Your guide to safely navigating our wildlife population
Castle Pines is lucky enough to have a thriving wildlife population, including deer, elk, bears, bobcats, mountain lions, snakes and coyotes. The city always seeks to achieve a balance between the importance of human safety and the native ecology of the region.
Below are resources and best practices for sharing the environment with our wild neighbors.
Incidents and Attacks
If you’ve seen or been involved in a wildlife incident or attack, notify Colorado Parks and Wildlife Northeast Region Service Center immediately.
For additional information on wildlife in Colorado, visit the CPW website.
Coyotes are very adaptable and often thrive in urban areas. For more information about how the city responds to the local coyote population, check out the city’s Coyote Management Plan.
Bears are typically seen in our community during the summer and fall seasons. As winter approaches, they look for food sources to prepare for hibernation, and it’s easier to get calories from trash cans than from foraging in the wild—which is why we ask residents to follow these guidelines:
- Do not leave trash or trash cans outside overnight.
- Properly store pet food and bird seed.
- Burn food off of barbecue grills and clean after use.
- Keep all bear-accessible windows and doors closed and locked, including home, garage and vehicle doors.
- Don’t leave food, trash, coolers, air fresheners or anything that smells in your vehicle.
- Pick fruit before it ripens, and clean up fallen fruit.
- For more information about living with bears, visit the Colorado Parks and Wildlife page.
Beekeeping is allowed within populated areas of the City (see ordinance 17-03 for details).
Bee swarms are a natural phenomenon that occurs when a hive becomes overcrowded and the old queen and about half of the original hive leaves to find a new home.
- In Colorado, bees swarm from April through the end of summer, with May and June being the busiest months.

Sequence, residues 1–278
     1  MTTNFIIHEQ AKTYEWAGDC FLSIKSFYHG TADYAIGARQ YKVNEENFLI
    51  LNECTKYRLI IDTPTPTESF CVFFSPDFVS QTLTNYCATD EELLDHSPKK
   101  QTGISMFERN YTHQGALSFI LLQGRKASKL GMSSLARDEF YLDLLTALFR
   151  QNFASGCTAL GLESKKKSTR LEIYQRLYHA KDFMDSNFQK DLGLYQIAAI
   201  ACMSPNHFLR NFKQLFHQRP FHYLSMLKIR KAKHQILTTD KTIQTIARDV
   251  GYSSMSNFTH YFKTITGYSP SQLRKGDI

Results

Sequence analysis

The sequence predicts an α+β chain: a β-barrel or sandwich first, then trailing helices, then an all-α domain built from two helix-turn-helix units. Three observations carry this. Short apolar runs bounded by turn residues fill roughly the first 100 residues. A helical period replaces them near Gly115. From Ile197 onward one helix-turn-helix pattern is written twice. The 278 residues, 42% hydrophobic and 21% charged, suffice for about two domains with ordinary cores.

- Swarms are generally quite docile and will eventually leave on their own when a new hive location has been found.
- If you prefer to have a swarm professionally removed, call the Colorado Swarm Hotline at 1-844-779-2337 (1-844-SPY-BEES).
For more information about bees, visit the Colorado State Beekeeper Association website.
The most common large snakes you’ll find in the area are prairie rattlesnakes and bull snakes. Rattlesnakes are venomous while bull snakes are not — but both can bite and cause a medical issue.
- Stay on designated paths or walkways to avoid a snake encounter
- Snakes will not attack if they don’t feel threatened. If you encounter a snake, give it a wide berth or turn in the opposite direction.
- If you’ve been bitten by a snake, seek medical attention immediately.
For more information about snakes, visit the Colorado State University Extension to learn more.
To reduce the risk of problems with mountain lions on or near your property, we urge you to follow these simple precautions:
- Install outside lighting. Light areas where you walk so you could see a lion if one were present.
- Closely supervise children whenever they play outdoors. Make sure children are inside before dusk and not outside before dawn. Talk with children about lions and teach them what to do if they meet one.
- Landscape or remove vegetation to eliminate hiding places for lions, especially around children’s play areas. Make it difficult for lions to approach unseen.
- Planting non-native shrubs and plants that deer often prefer to eat encourages wildlife to come onto your property. Predators follow prey. Don’t feed any wildlife!
- Keep your pet under control. Roaming pets are easy prey and can attract lions. Bring pets in at night. If you leave your pet outside, keep it in a kennel with a secure top.
- Don’t feed pets outside; this can attract raccoons and other animals that are eaten by lions. Store all garbage securely.
- Place livestock in enclosed sheds or barns at night. Close doors to all outbuildings since inquisitive lions may go inside for a look.
- Encourage your neighbors to follow these simple precautions. Prevention is far better than a possible lion confrontation.
Learn more about living with mountain lions.